Harrison Ford may be 108 years old, but I’m 14 again, thanks to the release this morning of the Indiana Jones and the Crystal Skull teaser trailer at Yahoo Movies. It looks pretty dang awesome, even if the clip does waste the first half of its two-minute running time with a retrospective of Indy’s past glories. (Wait, he "saved the cradle of civilization"? That’s what the Temple of Doom was? I thought civilization started in Iraq or Egypt, not India.) Note to Paramount: we all know who Indiana Jones is; just because it’s been 19 years doesn’t mean we need a refresher course. We also know that Harrison Ford is, like, old, so we don’t need the obligatory quip about his age. (Sidekick Ray WInstone: "This ain’t gonna be easy." Indy: "Not as easy as it used to be.") Besides, by the look of things, Ford can still do stunts quite nicely, thank you. (Better quip: Shia LaBeouf: "You’re a teacher?" Indy: "Part-time.") Also, I’d have liked to see more than a glimpse or two of Cate Blanchett (coiffed in a nifty Louise Brooks bob) and Karen Allen (back as Marion Ravenwood). But enough quibbling. Still a pretty dang awesome teaser. Watch, and we’ll discuss, after the jump.
Tag: Indiana Jones (31-40 of 52)
You’ve probably already read the spoiler-y Vanity Fair cover story on Indiana Jones and the Kingdom of the Crystal Skull (in theaters May 22), but if you haven’t, here’s the link. Now we’ll issue a SPOILER ALERT of our own…
As more — well, a little more — plot information about the fourth film surfaces, are you feeling confident that Steven Spielberg, George Lucas, Harrison Ford (pictured), and Cate Blanchett are on the right track? Are you looking forward to an Indy movie that’s less supernatural and more sci-fi, as befits its Atomic Age/Cold War 1950s setting? Or are you already planning on throwing bricks and custard pies at George Lucas, as he suspects?
I’ll be honest: Reading Spielberg’s quotes about staying true to the franchise’s old-school cinematography and Lucas’ musings on Ford’s perfect "befuddled, oh-my-God-I’m gonna-die look" got me excited.
Then again, I’m also planning on seeing Rambo.
Now, I consider myself pretty well-versed in the entertainment spectrum. I’ve seen more movies than is probably healthy — and can remember more about them than I should. (There was a time, a few years ago, where me and fellow PopWatcher Wook Kim performed Raiders of the Lost Ark from memory while standing outside a coworker’s cubicle. Or most of it, at any rate…I think we were derailed by a laughing fit somewhere around Sallah’s little H.M.S. Pinafore interlude. "I am the monarch of the sea," indeed.)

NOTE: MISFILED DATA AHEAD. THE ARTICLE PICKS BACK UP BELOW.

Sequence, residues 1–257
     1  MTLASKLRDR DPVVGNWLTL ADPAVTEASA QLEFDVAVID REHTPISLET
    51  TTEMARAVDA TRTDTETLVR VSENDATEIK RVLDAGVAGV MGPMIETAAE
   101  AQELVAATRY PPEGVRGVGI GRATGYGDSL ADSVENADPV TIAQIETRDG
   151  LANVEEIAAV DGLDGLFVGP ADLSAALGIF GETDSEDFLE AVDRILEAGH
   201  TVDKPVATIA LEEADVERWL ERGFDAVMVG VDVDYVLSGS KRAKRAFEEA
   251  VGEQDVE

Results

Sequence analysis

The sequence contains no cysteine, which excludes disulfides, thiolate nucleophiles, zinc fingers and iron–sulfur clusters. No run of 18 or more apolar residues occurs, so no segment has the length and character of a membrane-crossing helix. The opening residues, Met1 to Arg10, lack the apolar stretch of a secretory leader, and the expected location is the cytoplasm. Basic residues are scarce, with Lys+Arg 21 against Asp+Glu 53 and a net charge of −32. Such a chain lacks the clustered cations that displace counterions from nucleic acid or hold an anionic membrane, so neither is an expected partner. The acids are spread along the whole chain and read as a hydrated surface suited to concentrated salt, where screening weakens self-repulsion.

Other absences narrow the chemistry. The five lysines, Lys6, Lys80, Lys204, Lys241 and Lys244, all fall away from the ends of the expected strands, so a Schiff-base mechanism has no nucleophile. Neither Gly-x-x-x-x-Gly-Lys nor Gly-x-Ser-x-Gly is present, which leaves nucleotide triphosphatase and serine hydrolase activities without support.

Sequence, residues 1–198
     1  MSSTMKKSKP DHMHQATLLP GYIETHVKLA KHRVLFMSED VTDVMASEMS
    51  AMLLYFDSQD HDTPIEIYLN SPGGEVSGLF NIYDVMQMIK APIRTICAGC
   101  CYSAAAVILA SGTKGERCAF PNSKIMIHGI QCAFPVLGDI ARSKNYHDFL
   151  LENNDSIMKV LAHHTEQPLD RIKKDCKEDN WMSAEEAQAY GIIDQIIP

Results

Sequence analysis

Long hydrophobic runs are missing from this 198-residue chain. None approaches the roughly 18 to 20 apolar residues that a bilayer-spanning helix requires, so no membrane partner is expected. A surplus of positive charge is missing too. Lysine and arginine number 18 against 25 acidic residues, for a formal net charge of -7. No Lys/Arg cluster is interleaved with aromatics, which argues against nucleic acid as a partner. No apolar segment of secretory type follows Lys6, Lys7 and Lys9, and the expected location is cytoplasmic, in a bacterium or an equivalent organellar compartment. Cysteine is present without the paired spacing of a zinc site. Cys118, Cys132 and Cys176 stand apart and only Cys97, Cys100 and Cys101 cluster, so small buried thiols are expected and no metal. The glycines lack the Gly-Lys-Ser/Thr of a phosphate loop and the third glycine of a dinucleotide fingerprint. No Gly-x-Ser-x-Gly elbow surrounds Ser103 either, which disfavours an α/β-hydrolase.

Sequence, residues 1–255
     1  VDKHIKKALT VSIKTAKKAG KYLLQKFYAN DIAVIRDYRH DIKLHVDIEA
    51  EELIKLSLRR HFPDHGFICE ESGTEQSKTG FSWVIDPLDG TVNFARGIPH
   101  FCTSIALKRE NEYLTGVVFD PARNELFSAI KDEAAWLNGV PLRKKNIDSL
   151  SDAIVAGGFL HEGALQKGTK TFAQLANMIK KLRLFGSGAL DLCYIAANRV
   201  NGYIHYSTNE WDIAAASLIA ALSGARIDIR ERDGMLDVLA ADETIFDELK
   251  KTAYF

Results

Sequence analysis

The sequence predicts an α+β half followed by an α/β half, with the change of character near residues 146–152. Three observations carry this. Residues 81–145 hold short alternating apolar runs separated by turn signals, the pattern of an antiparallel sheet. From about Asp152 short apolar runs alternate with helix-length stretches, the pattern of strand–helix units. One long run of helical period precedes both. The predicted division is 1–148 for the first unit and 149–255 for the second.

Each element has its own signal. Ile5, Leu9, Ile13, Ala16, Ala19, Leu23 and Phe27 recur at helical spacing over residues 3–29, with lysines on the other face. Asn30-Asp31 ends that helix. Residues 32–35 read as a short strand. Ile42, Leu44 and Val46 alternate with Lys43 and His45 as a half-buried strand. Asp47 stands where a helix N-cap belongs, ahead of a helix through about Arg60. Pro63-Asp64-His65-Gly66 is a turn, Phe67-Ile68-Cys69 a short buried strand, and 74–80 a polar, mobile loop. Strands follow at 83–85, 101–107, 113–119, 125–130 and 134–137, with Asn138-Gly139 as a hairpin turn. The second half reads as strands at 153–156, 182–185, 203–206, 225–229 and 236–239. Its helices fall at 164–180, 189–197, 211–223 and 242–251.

But for as complete a geek as I claim to be, I know there are still some embarrassing pockets of never seen/never read/never listened to on my CV.
To wit: I’ve never seen All About Eve (pictured). Or The Third Man. Or any film by Pedro Almodovar. Or Wong Kar-Wai. Never listened to a Bruce Springsteen Album. Or N.W.A. Or Neil Young. And if you printed out the list of great books I’ve never even cracked open, you could paper the Pentagon.
What about you? Where’s your weakness when it comes to pop-culture consumption?
Sometime last week, the sock (that’s right, a sock) worn by the cameraman whose foot Britney allegedly ran over was reportedly sold on eBay for more than $1,000. Disappointed you missed your chance to bid? No worries, as celebrity paraphernalia is never in short supply. This week, you can purchase the actual Mercedez-Benz convertible driven (and crashed) by Lindsay Lohan (pictured) for a mere $120,000. Behind the wheel of this dream ride, you’ll see the world the way we imagine LiLo sees it, through cracked glass. Don’t let your current anonymity put the anti-lock brakes on your budding celebrity: buy this car today, sit back, and set the cruise control for your own road trip of fame, misfortune, and frequent traffic-law citations.